Christopher Porter reviewed a September 2006 Nouvelle Vague concert for The Washington Post:
"Is there a doctor in the house?" Nouvelle Vague singer Phoebe Killdeer asked. "We're not kidding," confirmed fellow chanteuse Melanie Pain. A cold had worked its way through the band, and the crooners were offering a VIP backstage pass if a medicine man would step forward at the sold-out La Maison Francaise on Wednesday.
Usually, it is hard to tell whether Nouvelle Vague is kidding: The French group interprets new wave and punk songs such as the Buzzcocks' "Ever Fallen in Love," New Order's "Blue Monday" and the Clash's "Guns of Brixton" as Brazilian-steeped lounge numbers. Nouvelle Vague's versions are certainly lovely, but are they necessary?
But after seeing the band in concert, questions of authenticity and necessity became moot: Nouvelle Vague might be making a joke, but it's a great jape -- and, illnesses be damned, it makes for an even better live show, filled with joy and expert showmanship.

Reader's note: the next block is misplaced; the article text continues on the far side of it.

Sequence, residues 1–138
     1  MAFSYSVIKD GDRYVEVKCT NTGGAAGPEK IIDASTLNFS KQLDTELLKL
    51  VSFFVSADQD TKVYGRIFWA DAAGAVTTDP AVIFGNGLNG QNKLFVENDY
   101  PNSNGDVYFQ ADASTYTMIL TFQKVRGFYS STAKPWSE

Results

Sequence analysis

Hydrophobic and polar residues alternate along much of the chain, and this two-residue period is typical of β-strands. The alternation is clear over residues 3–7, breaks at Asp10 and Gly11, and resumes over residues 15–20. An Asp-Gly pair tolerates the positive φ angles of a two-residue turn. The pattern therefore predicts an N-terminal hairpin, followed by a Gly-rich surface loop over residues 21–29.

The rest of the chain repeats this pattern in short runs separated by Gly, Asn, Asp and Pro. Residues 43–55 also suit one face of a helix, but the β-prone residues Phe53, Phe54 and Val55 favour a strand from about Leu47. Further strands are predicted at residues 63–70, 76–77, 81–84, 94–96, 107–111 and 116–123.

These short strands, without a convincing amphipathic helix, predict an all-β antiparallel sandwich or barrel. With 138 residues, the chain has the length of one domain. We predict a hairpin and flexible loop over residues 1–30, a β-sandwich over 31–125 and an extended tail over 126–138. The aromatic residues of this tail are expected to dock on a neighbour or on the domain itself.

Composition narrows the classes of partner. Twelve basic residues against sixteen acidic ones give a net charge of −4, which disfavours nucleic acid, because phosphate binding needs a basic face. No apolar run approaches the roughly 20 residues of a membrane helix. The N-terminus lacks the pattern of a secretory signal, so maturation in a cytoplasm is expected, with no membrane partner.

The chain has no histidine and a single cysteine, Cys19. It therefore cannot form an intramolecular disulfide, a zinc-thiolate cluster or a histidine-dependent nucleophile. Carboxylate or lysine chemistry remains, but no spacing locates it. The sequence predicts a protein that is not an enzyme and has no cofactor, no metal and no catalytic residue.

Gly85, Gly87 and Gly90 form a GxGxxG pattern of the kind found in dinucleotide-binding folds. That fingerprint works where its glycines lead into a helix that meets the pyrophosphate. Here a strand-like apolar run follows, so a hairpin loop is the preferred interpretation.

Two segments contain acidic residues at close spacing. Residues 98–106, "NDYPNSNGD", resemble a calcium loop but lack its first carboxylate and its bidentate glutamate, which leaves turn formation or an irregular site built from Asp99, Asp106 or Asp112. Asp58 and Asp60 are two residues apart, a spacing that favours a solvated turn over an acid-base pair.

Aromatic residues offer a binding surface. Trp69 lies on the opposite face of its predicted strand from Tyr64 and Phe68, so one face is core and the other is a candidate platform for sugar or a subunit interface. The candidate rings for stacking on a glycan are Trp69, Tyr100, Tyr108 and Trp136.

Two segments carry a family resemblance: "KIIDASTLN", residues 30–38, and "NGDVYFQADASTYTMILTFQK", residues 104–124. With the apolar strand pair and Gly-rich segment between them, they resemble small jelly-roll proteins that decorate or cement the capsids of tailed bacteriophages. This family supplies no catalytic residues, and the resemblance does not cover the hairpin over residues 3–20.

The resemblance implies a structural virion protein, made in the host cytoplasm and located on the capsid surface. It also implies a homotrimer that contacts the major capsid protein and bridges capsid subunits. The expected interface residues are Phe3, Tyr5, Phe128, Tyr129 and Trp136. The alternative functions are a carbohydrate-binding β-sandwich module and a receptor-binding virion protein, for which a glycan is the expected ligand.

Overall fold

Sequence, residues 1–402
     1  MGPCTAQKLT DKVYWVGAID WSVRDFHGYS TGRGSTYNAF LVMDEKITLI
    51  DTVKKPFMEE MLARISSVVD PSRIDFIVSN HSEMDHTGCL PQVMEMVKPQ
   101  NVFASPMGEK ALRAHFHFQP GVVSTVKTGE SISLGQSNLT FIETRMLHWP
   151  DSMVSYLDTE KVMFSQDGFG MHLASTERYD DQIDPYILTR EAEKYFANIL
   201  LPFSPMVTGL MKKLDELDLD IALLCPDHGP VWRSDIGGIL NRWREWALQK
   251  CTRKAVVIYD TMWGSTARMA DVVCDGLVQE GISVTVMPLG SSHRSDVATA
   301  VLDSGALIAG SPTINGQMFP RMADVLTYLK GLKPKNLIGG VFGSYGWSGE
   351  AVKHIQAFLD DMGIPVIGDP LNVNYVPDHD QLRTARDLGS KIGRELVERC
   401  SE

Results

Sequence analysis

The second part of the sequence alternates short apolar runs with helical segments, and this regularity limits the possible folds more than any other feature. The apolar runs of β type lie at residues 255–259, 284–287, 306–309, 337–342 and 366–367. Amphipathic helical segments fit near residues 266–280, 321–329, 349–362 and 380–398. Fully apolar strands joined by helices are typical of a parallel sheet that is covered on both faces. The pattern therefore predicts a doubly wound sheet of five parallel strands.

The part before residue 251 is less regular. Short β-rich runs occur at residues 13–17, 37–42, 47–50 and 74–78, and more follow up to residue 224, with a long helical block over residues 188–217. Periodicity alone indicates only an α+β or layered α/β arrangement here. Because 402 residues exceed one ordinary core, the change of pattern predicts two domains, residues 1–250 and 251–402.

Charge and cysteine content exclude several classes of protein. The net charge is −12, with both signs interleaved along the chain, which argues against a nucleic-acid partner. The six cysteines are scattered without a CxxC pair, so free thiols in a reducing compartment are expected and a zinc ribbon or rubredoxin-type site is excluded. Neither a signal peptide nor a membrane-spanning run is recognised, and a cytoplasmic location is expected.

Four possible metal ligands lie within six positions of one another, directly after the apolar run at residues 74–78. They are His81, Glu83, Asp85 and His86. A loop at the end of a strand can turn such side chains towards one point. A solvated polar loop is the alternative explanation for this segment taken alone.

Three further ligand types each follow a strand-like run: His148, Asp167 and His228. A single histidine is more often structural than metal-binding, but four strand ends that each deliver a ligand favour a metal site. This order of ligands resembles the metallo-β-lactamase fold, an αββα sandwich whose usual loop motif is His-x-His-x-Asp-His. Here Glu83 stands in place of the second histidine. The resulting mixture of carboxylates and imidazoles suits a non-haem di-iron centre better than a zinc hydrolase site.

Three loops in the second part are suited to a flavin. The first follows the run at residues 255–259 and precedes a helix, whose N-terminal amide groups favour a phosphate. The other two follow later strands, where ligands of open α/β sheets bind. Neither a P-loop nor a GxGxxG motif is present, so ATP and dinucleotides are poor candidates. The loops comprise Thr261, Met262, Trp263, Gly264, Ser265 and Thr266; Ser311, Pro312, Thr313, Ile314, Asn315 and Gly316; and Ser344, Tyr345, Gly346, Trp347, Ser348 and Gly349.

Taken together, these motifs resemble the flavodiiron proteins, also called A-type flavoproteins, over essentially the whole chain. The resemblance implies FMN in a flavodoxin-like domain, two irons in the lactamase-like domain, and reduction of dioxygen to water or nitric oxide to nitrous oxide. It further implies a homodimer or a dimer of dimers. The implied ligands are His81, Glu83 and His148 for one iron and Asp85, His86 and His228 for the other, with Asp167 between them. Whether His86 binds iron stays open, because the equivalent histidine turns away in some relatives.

While Killdeer's throat may have suffered, her voice didn't. Sounding a bit like Eartha Kitt, Killdeer used dance moves straight out of a "creative movement" class for kids. The equally wide-eyed Pain also shimmied like a child, but her dime-store dress and wispy voice were the perfect contrasts and complements to Killdeer. Together they tackled a Dead Kennedys song about drinking too much to love, leading the audience in a raucous singalong section of the unprintable title's chorus, but generally they traded off tunes, backed by acoustic guitar, bass, percussion, accordion and just a hint of laptop.
While the Dead Kennedys romp was good filthy fun, it was XTC's "Making Plans for Nigel" that perfectly captured Nouvelle Vague's spirit. With Pain and Killdeer crooning back to back, accompanied by a gentle bossa nova beat, the band's accordionist stood behind them and blew soap bubbles. Kitschy? Sure. Fabulous? Absolutely.